cultural materialism


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cultural materialism

(ANTHROPOLOGY) an approach (e.g. the work of Marvin Harris 1978) which suggests that the appropriate explanations of many aspects of human culture are material factors. In some aspects the approach is like that of MARX, but in Harris's work the determining features of importance are more usually of a demographic or environmental nature. Harris, for example, has proposed ecological/environmental explanations of social practices such as cannibalism, TABOOS and food prohibitions. See also HISTORICAL MATERIALISM, ENVIRONMENTAL DEPLETION, GEOGRAPHICAL DETERMINISM.
Collins Dictionary of Sociology, 3rd ed. © HarperCollins Publishers 2000
References in periodicals archive ?
In his introduction, Eldridge begins interestingly with reflections on how the representations we make of the world (and ourselves) are themselves products of our interests; he debates the rival merits of naturalism (that our interests are biologically given), linguistic idealism, and cultural materialism before moving on to the usual editorial task of summarizing the ensuing papers.
While this characterization might be true for some post-structuralist theorists, it ignores the best aspects of Marxism, feminism, and cultural materialism. In his contribution, A.
The project of cultural materialism is to examine the political implications of cultural artifacts, particularly their subversive potential.
For the new literary historicism generally see Stephen Greenblatt's "Introduction," in his edited The Forms of Power and the Power of Forms in the Renaissance (Norman, OK, 1982); Jonathan Dollimore and Alan Sinfield, Political Shakespeare: New Essays in Cultural Materialism (Manchester, Eng, 1985); Jonathan Goldberg, "The Politics of Renaissance Literature: A Review Essay," ELH 49 (1982): 514-42; Louis A.
At a time when new historicism is sometimes ahistoricism, when cultural materialism is often unrelated to literary analysis, what a splendid book this is to have.
His work therefore makes an interesting comparison with that of the British critics self-identified as "cultural materialists." According to Jonathan Dollimore and Alan Sinfield, two of its leading exponents, "Cultural materialism ...
As in his previous work he aligns himself with the tradition of cultural materialism and the larger Marxian tradition it exemplifies.
Among these advantages, the study highlights the possibility of researching these relationships in different levels of analysis, not only at the individual level, focusing on cultural level, this paper presents Cultural Materialism as an anthropological proposal for the consideration of these phenomena on the cultural level and based on adaptive principles, besides it discusses the experimental analysis of cultural practices and points out how they can help to understand how people in groups behave such as they are being effective in the control of the surrounding environment (when, sometimes, in fact, they are not).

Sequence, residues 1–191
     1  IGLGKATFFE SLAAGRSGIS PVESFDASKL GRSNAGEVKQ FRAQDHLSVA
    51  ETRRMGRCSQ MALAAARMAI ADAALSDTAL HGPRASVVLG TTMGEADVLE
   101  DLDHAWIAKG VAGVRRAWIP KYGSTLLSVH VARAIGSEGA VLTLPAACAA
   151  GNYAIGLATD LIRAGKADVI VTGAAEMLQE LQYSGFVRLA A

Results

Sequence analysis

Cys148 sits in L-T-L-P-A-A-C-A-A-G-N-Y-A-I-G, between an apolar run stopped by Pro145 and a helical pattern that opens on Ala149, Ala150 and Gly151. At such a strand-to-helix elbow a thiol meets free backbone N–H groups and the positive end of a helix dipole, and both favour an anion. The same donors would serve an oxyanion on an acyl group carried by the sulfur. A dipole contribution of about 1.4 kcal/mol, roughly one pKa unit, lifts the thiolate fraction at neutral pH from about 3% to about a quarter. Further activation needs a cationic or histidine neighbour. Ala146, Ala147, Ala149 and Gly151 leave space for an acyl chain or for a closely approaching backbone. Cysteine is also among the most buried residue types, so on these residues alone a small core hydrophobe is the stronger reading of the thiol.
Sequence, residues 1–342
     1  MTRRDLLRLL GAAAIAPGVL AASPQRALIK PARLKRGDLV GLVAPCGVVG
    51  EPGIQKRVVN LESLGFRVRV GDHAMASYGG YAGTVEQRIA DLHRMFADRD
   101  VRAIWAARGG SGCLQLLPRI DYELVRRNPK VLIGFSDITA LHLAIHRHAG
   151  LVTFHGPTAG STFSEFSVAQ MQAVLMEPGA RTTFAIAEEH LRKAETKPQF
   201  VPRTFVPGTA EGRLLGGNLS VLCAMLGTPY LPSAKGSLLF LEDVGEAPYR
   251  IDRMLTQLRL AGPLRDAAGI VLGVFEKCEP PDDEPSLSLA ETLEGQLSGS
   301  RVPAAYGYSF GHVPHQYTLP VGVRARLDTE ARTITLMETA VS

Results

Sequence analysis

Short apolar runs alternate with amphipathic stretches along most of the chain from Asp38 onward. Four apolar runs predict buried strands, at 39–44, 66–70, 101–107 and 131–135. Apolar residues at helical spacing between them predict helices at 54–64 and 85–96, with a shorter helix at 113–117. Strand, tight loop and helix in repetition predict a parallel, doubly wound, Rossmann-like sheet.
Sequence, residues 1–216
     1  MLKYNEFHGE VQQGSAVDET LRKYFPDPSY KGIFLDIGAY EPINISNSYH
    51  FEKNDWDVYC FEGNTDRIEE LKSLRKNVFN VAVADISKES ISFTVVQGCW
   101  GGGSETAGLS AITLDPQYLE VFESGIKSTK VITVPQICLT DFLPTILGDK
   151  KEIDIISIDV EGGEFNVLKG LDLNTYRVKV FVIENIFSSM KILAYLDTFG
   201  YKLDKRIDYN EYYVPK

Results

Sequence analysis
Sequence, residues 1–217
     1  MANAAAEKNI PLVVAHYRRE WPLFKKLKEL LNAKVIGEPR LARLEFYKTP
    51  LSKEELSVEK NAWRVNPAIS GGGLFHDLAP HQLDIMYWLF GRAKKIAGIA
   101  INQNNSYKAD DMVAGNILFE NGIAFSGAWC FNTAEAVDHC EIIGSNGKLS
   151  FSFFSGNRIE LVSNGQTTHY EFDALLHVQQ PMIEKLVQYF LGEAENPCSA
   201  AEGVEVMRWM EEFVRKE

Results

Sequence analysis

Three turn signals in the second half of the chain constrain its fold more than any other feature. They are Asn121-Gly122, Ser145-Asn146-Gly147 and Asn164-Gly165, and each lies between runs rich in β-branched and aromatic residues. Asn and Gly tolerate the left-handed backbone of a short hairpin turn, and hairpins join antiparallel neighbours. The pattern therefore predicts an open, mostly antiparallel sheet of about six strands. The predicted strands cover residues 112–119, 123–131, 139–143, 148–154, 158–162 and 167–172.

I was left with a similar thought upon reading two of Sinfield's recent books, Cultural Politics--Queer Reading and Shakespeare, Authority, Sexuality: Unfinished Business in Cultural Materialism. Despite the pronounced radicalism that one expects from cultural materialism, the central claims of these two books confirm what left-leaning readers already tend to accept.
The analysis is informed by cultural studies, cultural materialism, and new historicism and also considers the context of class negotiations at the time, and the influence of Drury Lane manager David Garrick and Thomas Sheridan, the playwright's father.
The point, the obvious point, is that this collection is underpinned by the fantasy that there is, somewhere, a neutral, disinterested, "scholarly" criticism which can stand against the personally and politically motivated horrors of cultural materialism and modern "theory." It just isn't so, and one might feel that this collection amply demonstrates that the extra-literary investments of critics inevitably--and to my mind perfectly properly--condition and color their work.
These stem not so much from her misprisions of Saussure, New Historicism, Cultural Materialism, and the like as from an ultimate homogenization of the radical incongruities constituting these necessarily incoherent positions.

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